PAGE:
CBS and Viacom have reunited as one company after two failed attempts since 2016.
The new company will be named ViacomCBS; CBS shareholders will own 61% and Viacom shareholders will own 39%.
The on-paper merger will combine the CBS television network, CBS News, Showtime cable networks with MTV Networks, Nickelodeon, Comedy Central and Paramount Pictures. Together, the company owns more than 140,000 television episodes and 3,600 film titles.
However, according to inside sources the two media companies will continue to operate as separate companies despite public relations talking points to the contrary.
Previous attempts failed because of clashes between executives fighting over top jobs and the valuation of Viacom, the weaker of the two companies. Viacom has long been the laggard as cord-cutting drags down ratings for its cable networks, such as MTV, and Paramount’s lackluster performance at the box office in recent years.
Executives at the companies are said to be contemplating possible mergers or buyouts of AMC Networks, MGM, Sony’s entertainment division, Discovery, Starz and its parent company Lionsgate.
By The Numbers
The deal creates a company with roughly a $30 billion market value, which is significantly smaller than rivals including Netflix at $136 billion, Disney at $245 billion, and NBC owner Comcast at $193 billion.
Viacom shares have fallen more than 60% over the last five years; over the same period shares in CBS fell 22%; in contrast, Disney shares grew in value by 70%.
After the deal was announced, shares of Viacom rose 2.4% and shares of CBS rose 1.4%; however, on Wednesday shares in the two companies plummeted by more than 6.4% and 7.6% respectively.
Sum of Streaming Parts
ViacomCBS plans to lure customers with free offerings from PlutoTV, which it bought in January, and then try to convince them to pay for its subscription service CBS All Access.
Currently, CBS All Access costs $6 per month with ads and $10 without them, but this is likely to increase as the service adds content from Viacom.
Combined Showtime and CBS All Access have reached their original goal of eight million subscribers by 2020 two years earlier than the company projected. CBS raised its SVOD target to 25 million domestic subscribers across both services by 2020, up from its previous goal of 16 million.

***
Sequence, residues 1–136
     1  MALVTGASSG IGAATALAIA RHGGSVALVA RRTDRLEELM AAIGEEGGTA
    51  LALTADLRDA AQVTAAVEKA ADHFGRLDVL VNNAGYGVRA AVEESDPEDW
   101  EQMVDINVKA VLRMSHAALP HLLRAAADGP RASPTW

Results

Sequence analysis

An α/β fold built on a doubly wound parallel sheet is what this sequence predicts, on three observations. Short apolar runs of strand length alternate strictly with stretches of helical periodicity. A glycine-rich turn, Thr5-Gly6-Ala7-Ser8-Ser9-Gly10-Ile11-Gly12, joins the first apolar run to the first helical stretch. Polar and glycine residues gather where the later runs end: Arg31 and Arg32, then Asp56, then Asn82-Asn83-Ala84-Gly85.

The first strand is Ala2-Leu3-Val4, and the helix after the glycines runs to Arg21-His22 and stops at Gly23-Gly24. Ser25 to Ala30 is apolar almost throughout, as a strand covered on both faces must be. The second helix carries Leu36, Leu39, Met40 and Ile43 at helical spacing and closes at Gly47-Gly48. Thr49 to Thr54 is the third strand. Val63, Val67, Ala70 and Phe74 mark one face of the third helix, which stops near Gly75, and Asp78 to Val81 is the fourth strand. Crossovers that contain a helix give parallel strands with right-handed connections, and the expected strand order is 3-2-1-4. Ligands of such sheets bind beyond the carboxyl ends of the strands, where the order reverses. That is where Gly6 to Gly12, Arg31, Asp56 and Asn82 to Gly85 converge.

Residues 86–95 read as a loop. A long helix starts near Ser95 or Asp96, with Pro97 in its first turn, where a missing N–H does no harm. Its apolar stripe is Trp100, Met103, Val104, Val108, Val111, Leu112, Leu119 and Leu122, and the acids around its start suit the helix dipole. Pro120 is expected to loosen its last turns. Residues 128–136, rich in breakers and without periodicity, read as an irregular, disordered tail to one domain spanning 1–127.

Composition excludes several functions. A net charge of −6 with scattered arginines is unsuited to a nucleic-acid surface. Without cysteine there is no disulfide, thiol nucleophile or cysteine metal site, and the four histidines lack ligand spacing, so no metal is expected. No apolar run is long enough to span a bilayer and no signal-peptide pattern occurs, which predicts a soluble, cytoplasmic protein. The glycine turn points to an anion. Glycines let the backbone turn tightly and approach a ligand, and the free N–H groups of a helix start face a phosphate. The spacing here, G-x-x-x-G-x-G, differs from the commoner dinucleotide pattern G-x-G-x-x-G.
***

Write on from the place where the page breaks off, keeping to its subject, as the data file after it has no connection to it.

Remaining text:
CBS’s streaming success to date is a good indicator that it stands a chance of surviving the looming streaming battle. However, it’s unlikely that the it will be able to compete head-to-head with Netflix, Disney+ or HBO Max.
While other big media companies like Disney bided their time, CBS jumped into the streaming market early. CBS All Access launched in October 2014, and the OTT version of Showtime launched in July 2015.
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Viacom acquired the niche streaming service Pluto TV for $340 million in cash. Pluto TV is a free, ad-supported service similar to Hulu.
The service first launched in 2013 from investments by Samsung and Germany’s ProSieben. Currently, the service has 12 million monthly active subscribers that feature live linear television from over 100 channels, as well as on-demand movies and shows.
CBS bought the remaining 50% stake in Pop TV from Lionsgate; now the company owns the channel outright. The company first purchased 50% of Pop TV in 2013 for $100 million. At that time, the channel was called TV Guide Network. Currently, Pop TV airs mainly reruns of popular sitcoms that are widely available on multiple platforms.
When Lionsgate initially purchased Pop TV in 2009, the company paid $255 million when the channel was available in 85 million homes – now the channel reaches around 70 million households. Pop TV’s viewership is down nearly 40% since 2014.
Nuts And Bolts
ViacomCBS remains under the control of National Amusements, the holding company owned by Sumner Redstone and his daughter, that controls 80% of the voting shares. The merger is a decisive win for the Redstone clan, whose patriarch built the companies through a series of mergers and then broke them apart 13 years ago.
Viacom CEO Bob Bakish will be the president and CEO of the combined company. Joe Ianniello will be named chairman and CEO of CBS, which will exclude the Showtime cable network and book publisher Simon & Schuster.
The new board of directors will consist of 13 members. Six will come from independent members from CBS, four independent members from Viacom, Bakish, and two National Amusements members. Shari Redstone will be appointed the chairman.
The merger of Viacom and CBS will have little impact on the creative output of the companies or improve their ability to compete against the big three – Comcast, Disney, and WarnerMedia.
ViacomCBS will remain under the unpredictable control of the Redstones and will continue to operate like separate companies. It’s likely the merger is an attempt to entice prospective buyers, whether at home or abroad, to acquire the combined company.